May 17 - More than 2,000 prisoners were granted their freedom in Myanmar, but activists said only two political detainees were among them. Deborah Lutterbeck reports.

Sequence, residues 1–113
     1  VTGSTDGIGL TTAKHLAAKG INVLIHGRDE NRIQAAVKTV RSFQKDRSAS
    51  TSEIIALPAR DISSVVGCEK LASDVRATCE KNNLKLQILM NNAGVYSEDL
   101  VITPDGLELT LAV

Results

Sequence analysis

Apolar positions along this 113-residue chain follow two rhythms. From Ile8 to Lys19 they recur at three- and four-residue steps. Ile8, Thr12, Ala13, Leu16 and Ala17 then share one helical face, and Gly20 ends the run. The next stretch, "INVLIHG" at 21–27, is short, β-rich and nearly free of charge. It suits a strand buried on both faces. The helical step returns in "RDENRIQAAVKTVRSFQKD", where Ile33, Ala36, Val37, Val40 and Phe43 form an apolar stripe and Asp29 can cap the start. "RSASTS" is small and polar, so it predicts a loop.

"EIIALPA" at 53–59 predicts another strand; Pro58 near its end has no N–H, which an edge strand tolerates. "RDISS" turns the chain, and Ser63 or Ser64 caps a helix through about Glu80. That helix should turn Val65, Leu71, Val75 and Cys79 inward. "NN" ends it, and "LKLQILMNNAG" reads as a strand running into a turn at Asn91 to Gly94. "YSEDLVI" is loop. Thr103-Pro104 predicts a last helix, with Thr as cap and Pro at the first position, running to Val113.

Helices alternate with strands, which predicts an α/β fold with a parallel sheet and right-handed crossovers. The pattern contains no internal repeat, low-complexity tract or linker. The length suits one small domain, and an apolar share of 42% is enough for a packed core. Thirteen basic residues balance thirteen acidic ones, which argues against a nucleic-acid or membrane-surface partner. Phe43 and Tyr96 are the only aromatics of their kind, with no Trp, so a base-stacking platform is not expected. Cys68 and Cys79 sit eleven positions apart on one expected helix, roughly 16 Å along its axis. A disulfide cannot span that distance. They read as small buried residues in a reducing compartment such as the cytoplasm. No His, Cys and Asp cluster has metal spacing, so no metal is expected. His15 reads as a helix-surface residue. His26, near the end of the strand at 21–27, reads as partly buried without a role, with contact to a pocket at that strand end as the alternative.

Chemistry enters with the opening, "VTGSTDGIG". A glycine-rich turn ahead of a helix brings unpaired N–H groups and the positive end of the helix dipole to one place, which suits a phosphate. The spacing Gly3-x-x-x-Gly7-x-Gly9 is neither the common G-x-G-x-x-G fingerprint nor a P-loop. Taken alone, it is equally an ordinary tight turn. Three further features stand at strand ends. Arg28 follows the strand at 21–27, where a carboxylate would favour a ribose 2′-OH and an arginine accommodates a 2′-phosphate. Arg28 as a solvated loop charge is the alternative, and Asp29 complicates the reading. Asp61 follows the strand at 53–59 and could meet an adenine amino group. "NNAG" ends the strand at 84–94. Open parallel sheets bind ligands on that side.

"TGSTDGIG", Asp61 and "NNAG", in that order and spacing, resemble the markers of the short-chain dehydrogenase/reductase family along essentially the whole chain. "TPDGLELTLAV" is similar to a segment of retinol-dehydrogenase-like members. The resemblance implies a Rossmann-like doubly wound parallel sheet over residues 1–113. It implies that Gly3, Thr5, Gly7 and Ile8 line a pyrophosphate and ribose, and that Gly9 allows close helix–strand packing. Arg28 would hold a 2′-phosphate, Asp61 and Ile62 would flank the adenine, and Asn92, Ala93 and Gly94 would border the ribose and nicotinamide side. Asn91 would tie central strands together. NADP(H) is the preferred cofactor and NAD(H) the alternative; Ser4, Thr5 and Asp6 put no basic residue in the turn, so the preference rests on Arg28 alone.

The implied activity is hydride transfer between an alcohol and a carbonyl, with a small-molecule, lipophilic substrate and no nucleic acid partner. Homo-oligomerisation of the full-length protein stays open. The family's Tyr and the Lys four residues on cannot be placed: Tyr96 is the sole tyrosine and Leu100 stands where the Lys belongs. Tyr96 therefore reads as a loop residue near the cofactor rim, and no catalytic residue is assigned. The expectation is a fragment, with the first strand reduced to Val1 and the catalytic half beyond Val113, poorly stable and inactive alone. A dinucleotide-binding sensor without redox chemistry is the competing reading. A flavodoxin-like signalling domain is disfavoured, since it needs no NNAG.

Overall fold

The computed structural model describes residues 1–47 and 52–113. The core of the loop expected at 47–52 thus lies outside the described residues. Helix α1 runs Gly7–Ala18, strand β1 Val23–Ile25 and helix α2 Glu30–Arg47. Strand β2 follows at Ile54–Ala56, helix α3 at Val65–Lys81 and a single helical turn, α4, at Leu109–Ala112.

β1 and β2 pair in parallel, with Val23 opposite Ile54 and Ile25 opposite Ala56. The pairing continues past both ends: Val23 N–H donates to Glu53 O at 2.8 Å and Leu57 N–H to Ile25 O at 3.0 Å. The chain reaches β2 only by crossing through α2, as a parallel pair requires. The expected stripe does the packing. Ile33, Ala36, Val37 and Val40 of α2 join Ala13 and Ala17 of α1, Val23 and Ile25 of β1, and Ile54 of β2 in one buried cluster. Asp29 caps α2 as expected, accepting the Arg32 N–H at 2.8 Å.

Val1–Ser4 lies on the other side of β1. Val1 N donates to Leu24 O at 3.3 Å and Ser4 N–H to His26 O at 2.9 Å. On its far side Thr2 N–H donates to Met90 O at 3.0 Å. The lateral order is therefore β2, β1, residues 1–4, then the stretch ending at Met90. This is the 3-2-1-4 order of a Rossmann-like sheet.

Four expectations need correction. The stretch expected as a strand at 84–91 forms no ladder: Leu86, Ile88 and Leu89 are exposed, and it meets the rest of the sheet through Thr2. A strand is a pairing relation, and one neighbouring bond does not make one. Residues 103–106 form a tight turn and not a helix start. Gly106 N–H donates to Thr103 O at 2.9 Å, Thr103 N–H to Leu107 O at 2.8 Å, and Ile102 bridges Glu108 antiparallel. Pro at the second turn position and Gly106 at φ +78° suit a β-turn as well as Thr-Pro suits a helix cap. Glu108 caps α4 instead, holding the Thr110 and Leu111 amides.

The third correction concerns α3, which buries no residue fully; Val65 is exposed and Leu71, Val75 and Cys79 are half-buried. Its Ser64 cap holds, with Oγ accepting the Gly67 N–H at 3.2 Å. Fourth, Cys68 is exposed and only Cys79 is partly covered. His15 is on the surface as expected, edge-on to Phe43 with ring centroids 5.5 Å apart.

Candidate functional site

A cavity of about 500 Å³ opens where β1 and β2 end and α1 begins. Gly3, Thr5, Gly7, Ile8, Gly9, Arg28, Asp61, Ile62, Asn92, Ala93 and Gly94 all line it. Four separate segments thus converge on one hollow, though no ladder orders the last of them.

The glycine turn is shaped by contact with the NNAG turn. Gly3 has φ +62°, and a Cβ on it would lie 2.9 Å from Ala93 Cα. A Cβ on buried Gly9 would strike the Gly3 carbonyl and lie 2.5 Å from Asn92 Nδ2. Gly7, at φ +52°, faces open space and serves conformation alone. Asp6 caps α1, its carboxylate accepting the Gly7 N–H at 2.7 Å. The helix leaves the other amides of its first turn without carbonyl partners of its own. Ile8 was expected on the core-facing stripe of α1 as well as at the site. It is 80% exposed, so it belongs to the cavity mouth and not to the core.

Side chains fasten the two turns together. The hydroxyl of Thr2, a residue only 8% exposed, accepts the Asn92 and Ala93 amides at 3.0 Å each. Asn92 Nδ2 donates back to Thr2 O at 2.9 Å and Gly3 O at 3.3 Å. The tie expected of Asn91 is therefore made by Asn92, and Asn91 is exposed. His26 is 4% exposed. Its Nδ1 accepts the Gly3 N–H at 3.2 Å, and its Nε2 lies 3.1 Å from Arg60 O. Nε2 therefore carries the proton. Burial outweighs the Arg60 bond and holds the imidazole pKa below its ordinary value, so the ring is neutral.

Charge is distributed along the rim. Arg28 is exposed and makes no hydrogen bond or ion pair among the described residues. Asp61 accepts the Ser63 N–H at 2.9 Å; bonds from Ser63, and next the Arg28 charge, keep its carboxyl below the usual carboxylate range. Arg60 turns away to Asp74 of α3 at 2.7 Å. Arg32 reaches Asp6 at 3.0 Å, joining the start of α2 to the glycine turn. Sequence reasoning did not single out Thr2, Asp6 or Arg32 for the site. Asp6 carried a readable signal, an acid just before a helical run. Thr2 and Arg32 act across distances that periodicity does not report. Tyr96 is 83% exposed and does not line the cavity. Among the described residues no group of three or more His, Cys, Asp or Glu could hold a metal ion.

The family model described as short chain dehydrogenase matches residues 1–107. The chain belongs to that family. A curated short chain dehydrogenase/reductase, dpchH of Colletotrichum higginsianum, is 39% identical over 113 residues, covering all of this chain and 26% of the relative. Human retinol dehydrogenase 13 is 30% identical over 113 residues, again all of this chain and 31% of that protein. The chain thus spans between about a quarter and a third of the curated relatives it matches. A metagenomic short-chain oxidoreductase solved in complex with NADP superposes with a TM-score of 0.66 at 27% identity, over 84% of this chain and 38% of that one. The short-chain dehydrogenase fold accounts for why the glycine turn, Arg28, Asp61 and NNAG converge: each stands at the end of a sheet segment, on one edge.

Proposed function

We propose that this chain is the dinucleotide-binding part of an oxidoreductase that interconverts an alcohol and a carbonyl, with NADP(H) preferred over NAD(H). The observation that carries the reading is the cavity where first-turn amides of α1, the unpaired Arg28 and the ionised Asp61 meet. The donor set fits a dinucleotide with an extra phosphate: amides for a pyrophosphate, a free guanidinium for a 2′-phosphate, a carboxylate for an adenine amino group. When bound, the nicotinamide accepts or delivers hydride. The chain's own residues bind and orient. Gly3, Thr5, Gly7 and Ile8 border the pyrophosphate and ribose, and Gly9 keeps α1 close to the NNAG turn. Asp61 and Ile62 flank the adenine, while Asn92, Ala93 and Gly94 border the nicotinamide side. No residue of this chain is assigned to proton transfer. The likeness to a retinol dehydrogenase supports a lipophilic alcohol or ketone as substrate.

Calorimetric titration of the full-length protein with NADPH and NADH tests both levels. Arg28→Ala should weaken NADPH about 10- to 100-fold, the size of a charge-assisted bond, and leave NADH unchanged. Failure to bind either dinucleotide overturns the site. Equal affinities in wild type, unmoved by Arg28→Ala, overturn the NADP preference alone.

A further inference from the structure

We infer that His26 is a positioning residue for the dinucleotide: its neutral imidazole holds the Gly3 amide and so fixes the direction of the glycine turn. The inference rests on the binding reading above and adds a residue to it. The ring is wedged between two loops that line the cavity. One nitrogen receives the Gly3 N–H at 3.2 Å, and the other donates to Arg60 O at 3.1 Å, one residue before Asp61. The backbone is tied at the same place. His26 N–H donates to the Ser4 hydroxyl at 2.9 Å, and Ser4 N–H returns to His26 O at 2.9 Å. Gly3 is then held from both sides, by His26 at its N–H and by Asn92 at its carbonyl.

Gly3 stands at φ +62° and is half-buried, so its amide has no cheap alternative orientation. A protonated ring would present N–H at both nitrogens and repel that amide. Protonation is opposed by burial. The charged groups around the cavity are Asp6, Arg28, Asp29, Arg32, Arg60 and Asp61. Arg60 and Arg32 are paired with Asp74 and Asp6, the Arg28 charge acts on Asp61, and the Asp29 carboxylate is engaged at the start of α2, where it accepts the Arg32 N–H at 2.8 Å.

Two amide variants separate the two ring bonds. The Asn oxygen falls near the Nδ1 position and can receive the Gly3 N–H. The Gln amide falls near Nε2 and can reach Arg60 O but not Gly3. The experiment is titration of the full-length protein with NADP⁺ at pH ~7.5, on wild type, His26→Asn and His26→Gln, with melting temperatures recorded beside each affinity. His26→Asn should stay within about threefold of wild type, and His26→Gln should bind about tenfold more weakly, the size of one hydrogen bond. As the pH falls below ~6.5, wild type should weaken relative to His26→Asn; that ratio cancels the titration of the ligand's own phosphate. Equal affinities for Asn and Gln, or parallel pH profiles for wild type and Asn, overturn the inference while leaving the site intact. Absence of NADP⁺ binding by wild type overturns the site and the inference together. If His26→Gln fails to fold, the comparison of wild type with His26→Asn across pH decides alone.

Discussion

Prisoners await their release in Yangon's notorious Insein Prison. More than 2,000 were granted their freedom, but activists said only two political detainees were among them. Myanmar's new government began freeing about 14,000 prisoners and commuting thousands more sentences on Tuesday in an amnesty critics dismiss as a token gesture aimed at improving its international image. Opposition Party Member Nyi Nyi Aung was among those released. SOUNDBITE: Opposition Party Member Nyi Nyi Aung, saying (Burmese): "Those remaining in the prison were keeping their expectations on they system change. Some believed that regardless of how many years they were given by the courts, they would be released eventually when the system changed. So they basically gave out their confession and took sentences. But now, it turns out there is only a year term reduction under the amnesty title, and it broke their hearts. They don't know what to do anymore." The large number of political detentions has been central to the imposition of economic sanctions on Myanmar's rulers since a bloody crackdown on pro-democracy protests in 1988. Their release has long been a key demand by the West. According to the presidential decree, all death sentences were commuted to life imprisonment and many terms were reduced by one year. The amnesty comes at a time when sanctions are sharply in focus. Myanmar, which was formerly known as Burma, insists there are no political prisoners in its jails and is trying to attract foreign investment. Deborah Lutterbeck, Reuters